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The Kayaker’s Conundrum: Solutions

Kayakers on the river Adur

Many thanks to everyone who suggested solutions to this conundrum.

It would appear there are two algorithms you can can follow to solve it. Your choice of algorithm depends on whether you live near the start or finish of the paddle. Either way, you only need one bike.

 

Algorithm 1: If you live near the start:

  1. Drive to the start, drop the two kayaks off. One of you stays with the kayaks.
  2. The other person drives to the finish, leaves the car there, then cycles back to the start and locks up the bike.
  3. You both paddle down the river to the finish.
  4. You both load the kayaks onto the car and drive back to the start.
  5. Unlock the bike, load it onto the car, and drive home.

Algorithm 2: If you live near the finish:

  1. Drive to the finish and lock the bike up.
  2. Drive to the start and unload the kayaks.
  3. You both paddle down the river to the finish.
  4. One of you stays with the kayaks, while the other unlocks the bike, cycles back to the start and loads the bike onto the car.
  5. Drive back to the finish, load the kayaks onto the car, and drive home.

Both algorithms work, whether you live nearer the start or the finish, but choosing the wrong algorithm could result in driving twice the distance you need to. Imagine the distance (by road) between start and finish is 10km, and you live at the start. Algorithm 1 will result in 20km of driving, while algorithm 2 will result in 40km of driving. If you live at the finish, it’s the reverse.

If you live midway between start and finish it doesn’t matter which algorithm you choose. they both involve 30km of driving.

So a little logic (‘selection’ in programming speak) is required before the correct algorithm is chosen:

IF home to start < home to finish

algorithm 1

ELSE

algorithm 2

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Year 6 HTML club updates

After a few weeks of finding I was too busy to blog about how the Y6 HTML lunch time club is going I thought it was about time I added some updates as I’m so pleased with the progress the group are making.

Website_updates (1)
Website_updates (2)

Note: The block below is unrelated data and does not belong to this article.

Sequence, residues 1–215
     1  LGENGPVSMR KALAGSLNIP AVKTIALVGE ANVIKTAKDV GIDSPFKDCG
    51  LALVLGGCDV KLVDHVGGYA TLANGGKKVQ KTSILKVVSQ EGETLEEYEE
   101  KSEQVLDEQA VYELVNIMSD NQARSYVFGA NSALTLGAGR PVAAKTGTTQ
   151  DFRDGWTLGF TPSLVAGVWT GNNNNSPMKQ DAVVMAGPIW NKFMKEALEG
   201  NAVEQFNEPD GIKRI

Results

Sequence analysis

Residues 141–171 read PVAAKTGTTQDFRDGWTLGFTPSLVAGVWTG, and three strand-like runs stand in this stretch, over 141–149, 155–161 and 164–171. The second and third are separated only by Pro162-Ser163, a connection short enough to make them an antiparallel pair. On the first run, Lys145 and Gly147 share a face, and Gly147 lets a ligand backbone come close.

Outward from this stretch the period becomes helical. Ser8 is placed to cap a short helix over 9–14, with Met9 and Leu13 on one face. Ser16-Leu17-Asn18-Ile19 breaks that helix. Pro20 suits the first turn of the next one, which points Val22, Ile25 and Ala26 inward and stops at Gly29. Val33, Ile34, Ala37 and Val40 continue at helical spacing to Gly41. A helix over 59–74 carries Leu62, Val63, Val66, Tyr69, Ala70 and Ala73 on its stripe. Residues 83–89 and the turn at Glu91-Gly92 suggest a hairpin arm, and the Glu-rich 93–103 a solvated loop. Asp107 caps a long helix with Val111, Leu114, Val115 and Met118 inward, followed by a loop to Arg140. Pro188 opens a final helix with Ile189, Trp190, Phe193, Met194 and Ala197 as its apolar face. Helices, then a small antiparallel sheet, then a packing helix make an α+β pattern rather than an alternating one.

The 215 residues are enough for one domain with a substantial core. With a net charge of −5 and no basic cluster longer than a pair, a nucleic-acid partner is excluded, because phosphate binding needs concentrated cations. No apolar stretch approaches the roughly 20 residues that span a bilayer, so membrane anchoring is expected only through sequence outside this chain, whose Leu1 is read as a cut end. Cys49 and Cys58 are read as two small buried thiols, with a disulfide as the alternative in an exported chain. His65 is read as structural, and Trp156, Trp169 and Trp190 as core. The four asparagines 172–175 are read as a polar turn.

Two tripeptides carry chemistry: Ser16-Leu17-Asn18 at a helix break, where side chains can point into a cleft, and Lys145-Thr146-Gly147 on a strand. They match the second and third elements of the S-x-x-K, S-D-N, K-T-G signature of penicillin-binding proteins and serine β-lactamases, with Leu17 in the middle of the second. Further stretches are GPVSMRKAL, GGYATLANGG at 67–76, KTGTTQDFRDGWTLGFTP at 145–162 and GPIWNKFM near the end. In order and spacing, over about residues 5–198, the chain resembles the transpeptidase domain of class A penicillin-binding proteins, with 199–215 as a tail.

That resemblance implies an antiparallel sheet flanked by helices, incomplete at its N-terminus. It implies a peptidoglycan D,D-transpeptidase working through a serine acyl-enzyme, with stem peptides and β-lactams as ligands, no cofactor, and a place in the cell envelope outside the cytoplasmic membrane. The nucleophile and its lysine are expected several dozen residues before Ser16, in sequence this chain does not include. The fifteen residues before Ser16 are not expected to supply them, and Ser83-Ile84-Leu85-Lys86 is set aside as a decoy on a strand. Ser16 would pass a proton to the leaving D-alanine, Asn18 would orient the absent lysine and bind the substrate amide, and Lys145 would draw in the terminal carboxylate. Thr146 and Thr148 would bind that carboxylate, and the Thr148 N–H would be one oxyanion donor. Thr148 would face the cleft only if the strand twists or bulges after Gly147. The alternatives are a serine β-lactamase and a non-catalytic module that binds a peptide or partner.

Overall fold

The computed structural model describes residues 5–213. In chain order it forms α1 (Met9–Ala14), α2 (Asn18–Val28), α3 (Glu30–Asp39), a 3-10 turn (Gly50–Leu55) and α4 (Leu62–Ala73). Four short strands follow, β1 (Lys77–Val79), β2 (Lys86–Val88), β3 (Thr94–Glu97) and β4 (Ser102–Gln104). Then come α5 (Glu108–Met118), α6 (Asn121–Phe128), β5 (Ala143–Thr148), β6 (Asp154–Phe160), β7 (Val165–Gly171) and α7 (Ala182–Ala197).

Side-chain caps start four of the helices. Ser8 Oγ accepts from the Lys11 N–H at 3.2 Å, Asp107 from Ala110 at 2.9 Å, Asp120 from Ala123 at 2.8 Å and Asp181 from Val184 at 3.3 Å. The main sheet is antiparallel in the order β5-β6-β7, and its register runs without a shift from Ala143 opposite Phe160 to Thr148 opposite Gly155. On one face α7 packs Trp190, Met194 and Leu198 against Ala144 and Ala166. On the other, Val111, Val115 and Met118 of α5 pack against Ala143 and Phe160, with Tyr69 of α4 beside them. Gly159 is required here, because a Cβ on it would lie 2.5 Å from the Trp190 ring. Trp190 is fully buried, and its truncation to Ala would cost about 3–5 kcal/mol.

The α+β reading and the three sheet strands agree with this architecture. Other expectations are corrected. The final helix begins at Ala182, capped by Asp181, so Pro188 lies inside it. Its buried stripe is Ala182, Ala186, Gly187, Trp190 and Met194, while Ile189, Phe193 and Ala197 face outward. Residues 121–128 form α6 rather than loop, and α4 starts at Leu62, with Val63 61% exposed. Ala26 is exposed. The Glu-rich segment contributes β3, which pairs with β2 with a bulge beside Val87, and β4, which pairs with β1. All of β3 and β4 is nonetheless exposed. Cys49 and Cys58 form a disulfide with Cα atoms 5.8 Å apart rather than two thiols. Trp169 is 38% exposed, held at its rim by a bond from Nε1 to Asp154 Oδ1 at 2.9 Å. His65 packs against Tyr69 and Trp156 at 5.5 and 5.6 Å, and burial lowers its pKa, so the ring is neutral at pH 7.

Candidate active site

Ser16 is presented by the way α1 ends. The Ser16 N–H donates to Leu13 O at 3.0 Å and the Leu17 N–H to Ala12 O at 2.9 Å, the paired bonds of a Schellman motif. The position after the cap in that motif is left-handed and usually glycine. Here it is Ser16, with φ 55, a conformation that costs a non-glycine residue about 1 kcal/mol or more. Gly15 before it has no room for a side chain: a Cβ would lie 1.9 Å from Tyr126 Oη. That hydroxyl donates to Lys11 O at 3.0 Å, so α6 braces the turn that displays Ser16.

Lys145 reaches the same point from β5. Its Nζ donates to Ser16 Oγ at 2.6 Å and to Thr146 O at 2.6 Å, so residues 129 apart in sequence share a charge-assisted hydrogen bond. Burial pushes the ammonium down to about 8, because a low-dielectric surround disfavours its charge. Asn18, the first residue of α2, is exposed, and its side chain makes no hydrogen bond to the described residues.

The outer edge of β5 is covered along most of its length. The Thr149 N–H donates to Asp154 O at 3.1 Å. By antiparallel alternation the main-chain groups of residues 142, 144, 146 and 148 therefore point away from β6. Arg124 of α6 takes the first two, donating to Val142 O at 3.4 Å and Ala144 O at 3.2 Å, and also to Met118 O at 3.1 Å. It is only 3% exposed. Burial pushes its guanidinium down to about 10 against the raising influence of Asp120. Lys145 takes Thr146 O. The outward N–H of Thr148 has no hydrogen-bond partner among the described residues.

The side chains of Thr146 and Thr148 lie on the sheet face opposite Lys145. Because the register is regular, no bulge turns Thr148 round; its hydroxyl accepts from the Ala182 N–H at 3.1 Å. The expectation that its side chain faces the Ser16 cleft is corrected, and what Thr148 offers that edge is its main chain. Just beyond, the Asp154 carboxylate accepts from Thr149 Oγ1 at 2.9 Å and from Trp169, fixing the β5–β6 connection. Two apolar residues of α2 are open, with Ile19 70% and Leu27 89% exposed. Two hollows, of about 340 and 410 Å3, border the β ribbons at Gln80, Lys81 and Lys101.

As you should be able to see from the screenshots above, the group are now at the stage where they have got 3 or 4 completed web pages, which all link to one another using a simple navigation bar. Now comes the fun part….styling! We have been playing around with css (Cascading Style Sheets) for the last few weeks and everyone has now successfully linked their style sheet with each of their web pages. This means they are now free to play around and experiment with different elements within that style sheet, allowing them to modify and change the way their pages look. For example, the example at the top shows how a simple line of code in the style sheet: background-image: url(“../images/mario.jpg”); can insert a background image to every page of the website, creating quite an eye-catching effect. If you look closely you can see that the <h1> has also been styled using css, inserting a small logo of Super Mario to the left of the heading. The Biscuits web page in the middle shows how the <ul> and <li> tags have been styled to remove the bullet points and arrange the navigation bar horizontally. The Dinosaur website at the bottom shows how the css has styled the <body> tag so that each page has a coloured background and all the content is centralised.

The examples above might not look like the professional websites that we are all accustomed to seeing when we browse the web but, as I keep reminding the children, bbc.co.uk, facebook.com, theguardian.com, youtube.com etc…are websites which have all been initially created by a large number of people and all require even more people to run them and keep the content up to date. The websites these Y6 children are building may be simple and less ‘funky’ on the surface but, and this is a big but, they have been created entirely by writing HTML code in a text editor; no copying and pasting, no shortcuts just coding! And for that I take my hat off to them.

As usual there was a fair bit of de-bugging that went on in order to get their web pages to this stage e.g. background-colour doesn’t work whereas the US spelling e.g. background-color works perfectly! When I spotted a missing semi-colon at the end of a line of code in a css file, the child responded by saying “it still works anyway even without the semi-colon, so it doesn’t matter” There wasn’t much I could say to that and I didn’t want to rant about how I find it a bit irritating that Chrome (and other browsers I assume) are now intelligent enough to close tags for you as this inevitably leads to laziness and sloppy coding down the line…it is only a lunch time club after all!

More soon.